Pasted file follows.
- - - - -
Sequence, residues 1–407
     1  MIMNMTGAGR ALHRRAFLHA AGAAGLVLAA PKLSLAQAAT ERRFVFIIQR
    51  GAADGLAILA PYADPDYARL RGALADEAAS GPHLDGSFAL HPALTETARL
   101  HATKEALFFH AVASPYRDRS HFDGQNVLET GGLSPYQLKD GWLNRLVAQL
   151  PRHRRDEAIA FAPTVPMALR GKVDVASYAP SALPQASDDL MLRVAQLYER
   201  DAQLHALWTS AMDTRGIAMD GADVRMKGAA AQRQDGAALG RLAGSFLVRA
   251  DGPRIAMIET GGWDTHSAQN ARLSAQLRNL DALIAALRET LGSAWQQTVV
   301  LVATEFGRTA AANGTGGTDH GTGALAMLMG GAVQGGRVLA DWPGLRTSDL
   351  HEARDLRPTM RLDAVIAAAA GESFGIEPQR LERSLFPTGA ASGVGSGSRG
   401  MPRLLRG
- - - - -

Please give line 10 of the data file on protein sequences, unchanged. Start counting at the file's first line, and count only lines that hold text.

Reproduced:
   401  MPRLLRG